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Tests show lead in pet products; suppliers pull them from stores

Photos by TED McLAREN   |   Times
The Times had lead screenings conducted on two dozen pet toys and products randomly bought at a variety of area stores.

Photos by TED McLAREN | Times The Times had lead screenings conducted on two dozen pet toys and products randomly bought at a variety of area stores.

ST. PETERSBURG — As the pet toy buyer for the Big Lots chain, Sherry Biesinger likes to say she stocks the discount store's shelves only with items she'd give her four Labradors.

So she was frustrated when she learned that at least two pet products tested by a New Jersey lab for the St. Petersburg Times revealed high levels of lead.

"I swear to you that I care about what I buy and put in the stores," said Biesinger, 44. "But without any governing jurisdiction over these types of items for pets, everybody's on their own until something is done about it."

In the past year, the Consumer Products Safety Commission has recalled millions of toys — many made in China — because they contained too much lead. But the agency doesn't regulate lead in pet products.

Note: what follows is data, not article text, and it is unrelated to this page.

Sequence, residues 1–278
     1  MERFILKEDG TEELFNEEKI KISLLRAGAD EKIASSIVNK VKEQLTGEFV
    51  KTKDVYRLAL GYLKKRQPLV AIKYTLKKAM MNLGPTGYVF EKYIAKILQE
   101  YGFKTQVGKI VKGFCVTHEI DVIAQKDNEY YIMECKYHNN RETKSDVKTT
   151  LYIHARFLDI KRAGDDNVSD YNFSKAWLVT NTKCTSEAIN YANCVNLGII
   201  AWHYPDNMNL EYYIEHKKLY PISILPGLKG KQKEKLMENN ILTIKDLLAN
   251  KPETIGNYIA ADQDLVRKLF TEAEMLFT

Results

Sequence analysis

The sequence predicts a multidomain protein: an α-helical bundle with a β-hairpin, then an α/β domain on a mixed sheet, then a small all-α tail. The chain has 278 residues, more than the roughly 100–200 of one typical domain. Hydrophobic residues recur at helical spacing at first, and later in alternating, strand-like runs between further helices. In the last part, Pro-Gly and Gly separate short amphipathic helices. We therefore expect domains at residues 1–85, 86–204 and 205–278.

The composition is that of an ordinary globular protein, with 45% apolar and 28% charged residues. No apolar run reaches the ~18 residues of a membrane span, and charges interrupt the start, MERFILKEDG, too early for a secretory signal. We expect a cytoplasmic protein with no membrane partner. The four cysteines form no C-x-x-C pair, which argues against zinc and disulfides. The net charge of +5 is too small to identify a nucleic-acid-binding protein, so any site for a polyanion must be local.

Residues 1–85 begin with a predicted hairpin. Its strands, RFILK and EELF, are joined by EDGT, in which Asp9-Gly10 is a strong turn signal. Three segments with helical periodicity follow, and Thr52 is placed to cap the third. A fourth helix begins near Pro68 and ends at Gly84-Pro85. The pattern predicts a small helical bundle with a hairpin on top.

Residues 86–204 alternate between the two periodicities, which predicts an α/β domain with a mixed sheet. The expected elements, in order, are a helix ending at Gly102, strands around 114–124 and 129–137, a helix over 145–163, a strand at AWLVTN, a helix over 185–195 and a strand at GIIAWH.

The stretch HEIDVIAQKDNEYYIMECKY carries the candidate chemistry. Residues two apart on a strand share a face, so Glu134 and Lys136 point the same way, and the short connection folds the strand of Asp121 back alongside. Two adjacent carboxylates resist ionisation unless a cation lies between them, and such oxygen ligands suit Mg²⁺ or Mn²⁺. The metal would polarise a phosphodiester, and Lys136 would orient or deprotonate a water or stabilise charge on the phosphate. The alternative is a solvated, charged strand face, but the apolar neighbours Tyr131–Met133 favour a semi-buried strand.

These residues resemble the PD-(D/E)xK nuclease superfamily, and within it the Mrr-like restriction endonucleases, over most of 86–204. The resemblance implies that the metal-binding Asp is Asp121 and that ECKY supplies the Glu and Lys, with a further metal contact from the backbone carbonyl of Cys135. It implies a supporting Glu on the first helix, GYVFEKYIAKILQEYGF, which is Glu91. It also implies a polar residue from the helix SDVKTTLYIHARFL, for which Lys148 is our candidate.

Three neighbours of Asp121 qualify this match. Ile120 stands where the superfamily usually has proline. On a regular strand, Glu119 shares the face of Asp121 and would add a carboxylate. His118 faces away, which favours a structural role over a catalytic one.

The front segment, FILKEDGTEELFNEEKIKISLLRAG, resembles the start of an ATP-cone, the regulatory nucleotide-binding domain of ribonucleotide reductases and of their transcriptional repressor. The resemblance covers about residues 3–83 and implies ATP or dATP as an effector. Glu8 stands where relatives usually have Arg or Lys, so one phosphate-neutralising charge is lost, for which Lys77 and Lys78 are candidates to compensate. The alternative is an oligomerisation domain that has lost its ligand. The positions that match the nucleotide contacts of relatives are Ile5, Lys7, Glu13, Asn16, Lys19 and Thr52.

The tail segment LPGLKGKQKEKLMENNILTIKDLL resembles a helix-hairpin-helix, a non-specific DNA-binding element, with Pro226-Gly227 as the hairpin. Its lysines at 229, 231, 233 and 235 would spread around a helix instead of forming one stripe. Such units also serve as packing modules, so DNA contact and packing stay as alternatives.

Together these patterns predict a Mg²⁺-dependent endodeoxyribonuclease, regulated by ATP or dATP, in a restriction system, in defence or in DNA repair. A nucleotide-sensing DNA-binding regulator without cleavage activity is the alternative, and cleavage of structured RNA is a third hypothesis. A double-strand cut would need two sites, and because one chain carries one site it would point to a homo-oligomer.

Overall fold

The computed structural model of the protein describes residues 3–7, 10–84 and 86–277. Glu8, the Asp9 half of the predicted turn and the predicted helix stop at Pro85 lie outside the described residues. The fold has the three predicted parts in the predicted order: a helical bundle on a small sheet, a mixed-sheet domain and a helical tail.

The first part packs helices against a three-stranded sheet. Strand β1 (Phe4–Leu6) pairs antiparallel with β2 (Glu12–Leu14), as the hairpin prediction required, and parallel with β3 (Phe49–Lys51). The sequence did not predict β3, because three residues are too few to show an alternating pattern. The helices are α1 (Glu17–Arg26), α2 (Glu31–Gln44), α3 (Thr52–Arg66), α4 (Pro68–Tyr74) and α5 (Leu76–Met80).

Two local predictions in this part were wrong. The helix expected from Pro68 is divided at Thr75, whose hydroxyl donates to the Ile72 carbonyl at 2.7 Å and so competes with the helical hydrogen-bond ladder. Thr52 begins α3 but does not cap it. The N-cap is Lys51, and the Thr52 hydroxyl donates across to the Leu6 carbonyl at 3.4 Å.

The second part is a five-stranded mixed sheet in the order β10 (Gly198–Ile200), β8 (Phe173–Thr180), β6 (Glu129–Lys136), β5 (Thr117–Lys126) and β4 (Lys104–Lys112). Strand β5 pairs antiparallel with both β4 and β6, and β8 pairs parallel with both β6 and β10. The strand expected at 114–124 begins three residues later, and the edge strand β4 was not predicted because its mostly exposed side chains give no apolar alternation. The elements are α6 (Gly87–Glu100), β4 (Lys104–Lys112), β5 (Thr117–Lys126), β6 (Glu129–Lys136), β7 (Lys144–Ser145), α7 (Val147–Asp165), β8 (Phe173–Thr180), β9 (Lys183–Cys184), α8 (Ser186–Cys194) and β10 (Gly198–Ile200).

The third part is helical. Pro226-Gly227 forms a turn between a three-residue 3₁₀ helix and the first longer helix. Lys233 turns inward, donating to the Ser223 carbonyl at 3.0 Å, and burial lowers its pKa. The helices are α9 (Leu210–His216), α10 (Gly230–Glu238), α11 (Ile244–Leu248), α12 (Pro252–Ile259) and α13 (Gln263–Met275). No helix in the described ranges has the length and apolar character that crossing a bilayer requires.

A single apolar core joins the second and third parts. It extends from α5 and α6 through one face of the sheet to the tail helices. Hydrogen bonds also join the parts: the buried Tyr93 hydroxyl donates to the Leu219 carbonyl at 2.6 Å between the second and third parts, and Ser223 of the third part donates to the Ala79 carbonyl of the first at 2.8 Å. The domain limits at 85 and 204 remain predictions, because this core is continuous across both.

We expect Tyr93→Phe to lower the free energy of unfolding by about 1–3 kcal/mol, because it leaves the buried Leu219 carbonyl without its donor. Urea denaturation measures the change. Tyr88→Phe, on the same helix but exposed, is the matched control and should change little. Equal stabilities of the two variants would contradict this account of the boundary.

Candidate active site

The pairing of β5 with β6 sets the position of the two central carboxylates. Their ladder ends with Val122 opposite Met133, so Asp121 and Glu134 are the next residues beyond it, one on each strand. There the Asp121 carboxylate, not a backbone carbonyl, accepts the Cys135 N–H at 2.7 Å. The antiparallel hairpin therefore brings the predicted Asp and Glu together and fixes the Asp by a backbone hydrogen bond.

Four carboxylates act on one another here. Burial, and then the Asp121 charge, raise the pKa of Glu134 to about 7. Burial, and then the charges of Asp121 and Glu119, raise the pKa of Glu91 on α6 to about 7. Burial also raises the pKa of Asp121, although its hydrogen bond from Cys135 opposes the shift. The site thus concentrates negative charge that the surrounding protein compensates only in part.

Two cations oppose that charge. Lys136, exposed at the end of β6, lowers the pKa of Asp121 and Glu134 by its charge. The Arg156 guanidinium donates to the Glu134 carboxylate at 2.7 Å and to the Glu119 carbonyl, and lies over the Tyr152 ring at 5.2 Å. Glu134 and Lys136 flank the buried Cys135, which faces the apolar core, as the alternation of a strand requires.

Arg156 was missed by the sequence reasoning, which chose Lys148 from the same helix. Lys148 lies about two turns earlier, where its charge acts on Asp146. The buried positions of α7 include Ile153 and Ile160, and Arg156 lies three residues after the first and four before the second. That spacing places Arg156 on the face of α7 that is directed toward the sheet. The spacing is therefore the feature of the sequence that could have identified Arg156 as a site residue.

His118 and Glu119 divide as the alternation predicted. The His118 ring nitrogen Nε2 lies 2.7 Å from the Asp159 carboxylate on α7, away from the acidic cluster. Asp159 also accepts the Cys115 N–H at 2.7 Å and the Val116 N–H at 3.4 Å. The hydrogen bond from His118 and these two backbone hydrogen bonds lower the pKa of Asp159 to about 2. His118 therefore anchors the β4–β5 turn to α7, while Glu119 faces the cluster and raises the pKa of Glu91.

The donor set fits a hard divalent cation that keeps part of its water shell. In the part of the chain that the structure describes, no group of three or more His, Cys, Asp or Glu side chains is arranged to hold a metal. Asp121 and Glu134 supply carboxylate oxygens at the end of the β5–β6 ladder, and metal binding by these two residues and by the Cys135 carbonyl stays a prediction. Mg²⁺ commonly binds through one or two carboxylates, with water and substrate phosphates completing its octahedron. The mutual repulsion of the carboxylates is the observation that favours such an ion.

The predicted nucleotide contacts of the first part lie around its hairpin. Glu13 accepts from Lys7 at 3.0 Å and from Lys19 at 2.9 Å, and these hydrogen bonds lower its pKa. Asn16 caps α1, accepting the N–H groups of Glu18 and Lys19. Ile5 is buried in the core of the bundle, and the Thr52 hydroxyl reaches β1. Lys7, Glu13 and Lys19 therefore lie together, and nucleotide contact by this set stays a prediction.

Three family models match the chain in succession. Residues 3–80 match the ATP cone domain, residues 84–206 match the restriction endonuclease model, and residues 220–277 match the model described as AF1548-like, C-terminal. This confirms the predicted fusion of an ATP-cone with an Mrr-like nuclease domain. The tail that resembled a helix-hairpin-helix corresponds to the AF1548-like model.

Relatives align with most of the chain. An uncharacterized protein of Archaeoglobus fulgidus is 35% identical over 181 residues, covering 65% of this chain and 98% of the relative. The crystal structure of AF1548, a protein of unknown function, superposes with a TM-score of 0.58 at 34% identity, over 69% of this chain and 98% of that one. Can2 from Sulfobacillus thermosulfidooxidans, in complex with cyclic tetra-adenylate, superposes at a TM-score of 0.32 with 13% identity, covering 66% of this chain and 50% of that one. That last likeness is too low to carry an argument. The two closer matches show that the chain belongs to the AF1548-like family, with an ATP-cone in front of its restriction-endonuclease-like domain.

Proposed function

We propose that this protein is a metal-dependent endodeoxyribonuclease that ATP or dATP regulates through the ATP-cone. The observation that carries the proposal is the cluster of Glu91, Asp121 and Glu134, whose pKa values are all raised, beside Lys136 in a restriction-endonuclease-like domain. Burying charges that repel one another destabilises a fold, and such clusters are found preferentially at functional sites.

The Times screened two dozen pet toys and products for lead content. The items were randomly bought at a variety of stores, including Kmart, Wal-Mart, PetSmart, Animal House, Big Lots and Bargain Basement. The Times then sent a handful of the toys to EMSL Analytical of Westmont, N.J., for testing.

Most of the toys had minimal or no amounts of lead.

But two products — representing more than 100,000 manufactured items — contained high levels of lead. While there are no requirements for pet toys, federal law mandates that children's toys contain less than 600 parts per million of lead paint.

Lab results on a pink enamel skull and crossbones dog charm bought at a local Big Lots showed it had 15,000 parts per million of lead paint, which could be dangerous if swallowed by an animal or a child.

It was sold by SimplyShe, a national pet products company in San Francisco recently featured on national TV for its popular line of chic dog products.

After the Times inquiry, the company asked retailers, including Big Lots, to voluntarily pull the remainder of 90,000 dog collar charms from store shelves. The company is trying to find a way to replace charms that have been bought.

Dave Hyams, a spokesman for SimplyShe, said he did not know how the charms made it through the company's random lead testing process.

"We're taking aggressive action to recover all the items in question and to make sure they're removed from shelves," Hyams said. "We're committed to resolving this issue quickly."

A Pets First flying disc also tested at 3,100 parts per million.

Mark Kemplar, president of Pets First Co. in Brooklyn, N.Y., said the company no longer stocks the disc, which features characters from Nickelodeon's Rugrats.

"This was a small, isolated something, I guess," Kemplar said. "We didn't do this ourselves. We bought it from someone. Our stuff is all tested for everything, including lead. We have labs in China that perform the testing."